Richard Greene

Christmas traditions of ages past are relived in Arlington

Christkindl Angel leads a parade of children through last year’s Arlington Christkindl Market.
Christkindl Angel leads a parade of children through last year’s Arlington Christkindl Market. Star-Telegram

How about adding a Schwibbogen to your list of gifts for friends and family this year?

There’s a good chance you haven’t thought of that one. Perhaps an equal chance that you have no idea what it is or why you would be interested.

It’s actually a very old decoration that is traced to the 18th-century mining works in Germany. A Christmas Eve tradition of hanging lanterns around the entrances of mines evolved as a symbol of the longing of miners who didn’t see daylight in winter, for weeks sometimes, due to their working hours below the earth’s surface.

Now you can have one of your own from a variety of styles that offer the promise of shining warmth and love on families around the world.

But you only have a week left to select from the best, authentic, handcrafted ones that can only be found locally at the big Kathe Wohlfahrt hut in the center of the Texas Christkindl Market.

And that is just one of the selections at the major Rothenburg, Germany, merchant’s store that requires a catalog of some 43 pages to list them all.

If a Schwibbogen doesn’t light up your imagination, there are hundreds of other unique gift items from a variety of German and international merchants waiting for you to discover at the event’s fourth year in Texas.

Travel & Leisure magazine put the Arlington show on its list of America’s Best Christmas Markets, now recognized among only 10 such exclusive opportunities in the country to discover distinctive gift items you’d be hard-put to find anywhere else.

It’s all arranged in an easy-to-navigate setting along the north side of Globe Life Park, where parking and admission to the market is free.

Individual shops and their artisans offer something new throughout the experience of strolling through them all, with a guarantee that you will discover some things you’ve not seen before.

A partial list includes things such as handmade wood products, hand-painted glassware, personalized Christmas ornaments, wreaths, nutcrackers, nativities, Alpaca clothing, accessories, toys, baskets, paintings, carpets, cutting boards, lazy susans, mugs, steins, glasses, novelty hats and a great many one-of-a-kind jewelry items.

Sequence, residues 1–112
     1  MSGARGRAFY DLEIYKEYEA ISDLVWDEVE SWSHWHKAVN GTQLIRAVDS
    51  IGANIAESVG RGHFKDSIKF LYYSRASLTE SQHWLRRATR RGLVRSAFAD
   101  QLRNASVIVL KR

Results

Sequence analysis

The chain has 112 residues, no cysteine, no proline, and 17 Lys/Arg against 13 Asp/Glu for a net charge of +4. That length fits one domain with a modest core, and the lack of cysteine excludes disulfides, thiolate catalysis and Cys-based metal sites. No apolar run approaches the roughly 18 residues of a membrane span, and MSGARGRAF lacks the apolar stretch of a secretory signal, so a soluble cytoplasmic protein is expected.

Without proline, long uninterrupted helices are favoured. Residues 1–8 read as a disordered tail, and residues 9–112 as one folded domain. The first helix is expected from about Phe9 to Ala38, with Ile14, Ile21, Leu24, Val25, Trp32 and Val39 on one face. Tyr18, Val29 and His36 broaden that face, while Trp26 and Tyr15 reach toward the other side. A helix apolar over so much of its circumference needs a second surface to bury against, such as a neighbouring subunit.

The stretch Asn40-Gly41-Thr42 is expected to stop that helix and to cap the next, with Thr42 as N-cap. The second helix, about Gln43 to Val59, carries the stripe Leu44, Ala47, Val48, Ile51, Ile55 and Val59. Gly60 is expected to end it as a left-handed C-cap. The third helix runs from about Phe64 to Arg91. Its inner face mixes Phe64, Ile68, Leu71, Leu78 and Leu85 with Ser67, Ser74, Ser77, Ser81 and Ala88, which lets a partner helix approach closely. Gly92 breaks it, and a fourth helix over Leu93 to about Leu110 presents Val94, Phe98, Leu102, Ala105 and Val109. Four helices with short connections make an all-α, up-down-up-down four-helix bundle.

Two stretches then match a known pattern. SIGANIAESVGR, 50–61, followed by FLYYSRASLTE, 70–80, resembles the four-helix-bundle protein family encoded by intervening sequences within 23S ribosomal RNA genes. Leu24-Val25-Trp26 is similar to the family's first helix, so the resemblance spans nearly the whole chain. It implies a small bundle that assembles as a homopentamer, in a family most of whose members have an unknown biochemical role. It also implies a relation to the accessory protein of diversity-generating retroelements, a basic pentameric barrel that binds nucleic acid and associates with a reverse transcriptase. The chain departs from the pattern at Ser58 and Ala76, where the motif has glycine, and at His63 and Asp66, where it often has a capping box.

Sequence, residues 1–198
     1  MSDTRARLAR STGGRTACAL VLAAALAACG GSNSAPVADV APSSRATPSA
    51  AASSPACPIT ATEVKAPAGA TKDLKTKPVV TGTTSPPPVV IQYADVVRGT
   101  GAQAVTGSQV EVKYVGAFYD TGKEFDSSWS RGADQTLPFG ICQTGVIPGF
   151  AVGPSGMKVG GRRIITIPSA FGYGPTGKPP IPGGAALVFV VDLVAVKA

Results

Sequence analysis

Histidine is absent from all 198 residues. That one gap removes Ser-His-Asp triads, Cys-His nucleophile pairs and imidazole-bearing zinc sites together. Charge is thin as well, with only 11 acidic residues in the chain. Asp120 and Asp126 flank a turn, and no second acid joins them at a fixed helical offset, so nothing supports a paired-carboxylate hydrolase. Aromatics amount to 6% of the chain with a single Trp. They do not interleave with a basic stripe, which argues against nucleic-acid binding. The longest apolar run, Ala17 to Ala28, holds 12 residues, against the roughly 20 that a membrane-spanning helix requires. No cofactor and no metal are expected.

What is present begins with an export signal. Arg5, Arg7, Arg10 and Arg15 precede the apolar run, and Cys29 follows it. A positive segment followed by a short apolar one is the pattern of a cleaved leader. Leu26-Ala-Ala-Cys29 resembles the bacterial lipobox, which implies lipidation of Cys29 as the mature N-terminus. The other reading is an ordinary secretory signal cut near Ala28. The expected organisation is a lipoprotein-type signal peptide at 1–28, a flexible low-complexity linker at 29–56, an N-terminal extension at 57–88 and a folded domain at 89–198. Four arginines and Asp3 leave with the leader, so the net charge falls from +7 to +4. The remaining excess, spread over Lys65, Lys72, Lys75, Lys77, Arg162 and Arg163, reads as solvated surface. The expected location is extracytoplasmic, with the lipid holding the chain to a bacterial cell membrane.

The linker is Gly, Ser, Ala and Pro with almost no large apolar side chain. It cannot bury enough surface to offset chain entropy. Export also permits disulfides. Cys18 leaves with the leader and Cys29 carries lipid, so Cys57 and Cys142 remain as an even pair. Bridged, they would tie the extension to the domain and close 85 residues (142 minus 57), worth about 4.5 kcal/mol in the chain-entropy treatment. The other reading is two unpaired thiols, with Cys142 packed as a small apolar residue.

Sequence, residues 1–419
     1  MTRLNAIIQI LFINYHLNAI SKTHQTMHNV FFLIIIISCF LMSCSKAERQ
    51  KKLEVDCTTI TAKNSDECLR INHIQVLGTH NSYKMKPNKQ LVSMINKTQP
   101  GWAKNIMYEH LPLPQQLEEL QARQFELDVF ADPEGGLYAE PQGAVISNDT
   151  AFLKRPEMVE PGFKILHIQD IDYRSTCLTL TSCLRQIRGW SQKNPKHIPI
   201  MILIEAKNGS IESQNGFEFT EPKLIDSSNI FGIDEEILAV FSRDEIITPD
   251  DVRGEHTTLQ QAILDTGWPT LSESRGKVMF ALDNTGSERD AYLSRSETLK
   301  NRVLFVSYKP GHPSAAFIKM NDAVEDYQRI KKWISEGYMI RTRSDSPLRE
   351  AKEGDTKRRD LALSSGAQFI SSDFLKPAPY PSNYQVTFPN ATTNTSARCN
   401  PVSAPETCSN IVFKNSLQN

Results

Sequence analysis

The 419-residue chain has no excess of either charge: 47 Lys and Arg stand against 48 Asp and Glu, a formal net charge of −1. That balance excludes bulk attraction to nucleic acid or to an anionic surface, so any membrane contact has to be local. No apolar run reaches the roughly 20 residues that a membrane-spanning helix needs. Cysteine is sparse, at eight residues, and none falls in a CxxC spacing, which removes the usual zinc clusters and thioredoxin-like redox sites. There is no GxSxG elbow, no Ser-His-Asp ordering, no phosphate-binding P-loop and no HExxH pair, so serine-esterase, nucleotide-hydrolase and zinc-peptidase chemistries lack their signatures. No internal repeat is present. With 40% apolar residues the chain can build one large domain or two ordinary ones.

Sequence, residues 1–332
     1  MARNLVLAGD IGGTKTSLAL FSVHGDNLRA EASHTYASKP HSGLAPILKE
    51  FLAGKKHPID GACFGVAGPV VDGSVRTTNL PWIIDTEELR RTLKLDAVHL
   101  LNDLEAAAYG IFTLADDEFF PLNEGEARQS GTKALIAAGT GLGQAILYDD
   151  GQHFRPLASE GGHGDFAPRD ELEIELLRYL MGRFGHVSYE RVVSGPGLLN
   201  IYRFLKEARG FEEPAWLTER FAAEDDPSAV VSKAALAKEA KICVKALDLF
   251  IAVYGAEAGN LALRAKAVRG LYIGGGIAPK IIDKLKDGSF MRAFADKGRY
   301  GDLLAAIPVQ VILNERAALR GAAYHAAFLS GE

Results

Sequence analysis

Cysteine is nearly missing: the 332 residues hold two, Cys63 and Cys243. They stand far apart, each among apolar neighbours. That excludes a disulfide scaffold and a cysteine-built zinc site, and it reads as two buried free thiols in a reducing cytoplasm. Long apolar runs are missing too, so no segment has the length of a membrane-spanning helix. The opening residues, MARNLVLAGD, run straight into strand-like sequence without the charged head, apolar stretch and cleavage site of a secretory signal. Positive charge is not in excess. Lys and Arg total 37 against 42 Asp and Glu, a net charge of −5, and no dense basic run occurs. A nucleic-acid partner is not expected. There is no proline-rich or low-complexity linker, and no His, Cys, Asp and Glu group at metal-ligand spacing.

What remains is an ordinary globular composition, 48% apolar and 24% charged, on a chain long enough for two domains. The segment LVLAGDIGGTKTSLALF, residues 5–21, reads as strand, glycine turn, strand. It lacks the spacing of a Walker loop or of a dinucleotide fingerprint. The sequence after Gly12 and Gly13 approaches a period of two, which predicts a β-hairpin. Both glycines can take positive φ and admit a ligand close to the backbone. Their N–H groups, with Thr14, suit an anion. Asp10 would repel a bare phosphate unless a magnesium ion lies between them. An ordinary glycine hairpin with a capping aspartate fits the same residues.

A favorite of returning shoppers is the kiosk operated by Sister Cities of Arlington, offering items from the town of Bad Konigshofen, which has carried on a partnership with Arlington since 1954.

In their booth you will find German lace ornaments, table coverings, doilies, window displays and prepackaged baked goods.

Speaking of things to eat and drink, there are a dozen food and beverage vendors serving up traditional German treats such as schnitzel, bratwurst, funnel cakes, kasewurst, knackwurst, crepes, pretzels, goulash, candy and caramel apples, roasted nuts, hot chocolate, beer and the ever-popular German holiday gluhwein.

Musical performances and shows are scheduled each day on the event’s center stage. Market hours run from noon to 9 p.m. Sunday through Friday and from 10 a.m. to 10 p.m. on Saturday.

Be sure to bring the kids — an authentic German Father Christmas, aka Santa Claus, is waiting for their wish list in the Santa Haus.

You even have a chance to meet a burgermeister — that’s German for mayor. Rothenburg’s Lord Mayor Walter Hartl is leading a delegation to Arlington and will make a public appearance at the Christkindl Market on Sunday from 1 p.m. to 2 p.m.

With a week left until the market closes on Dec. 21, crowds this year have already topped previous turnouts for the event. If you haven’t found your way over, now’s the time.

Lots of information, with a complete list of merchants and vendors, performers, show times, and events can be found on the website,

You may want to check out that Schwibbogen.

Richard Greene is a former Arlington mayor and served as an appointee of President George W. Bush as regional administrator for the Environmental Protection Agency.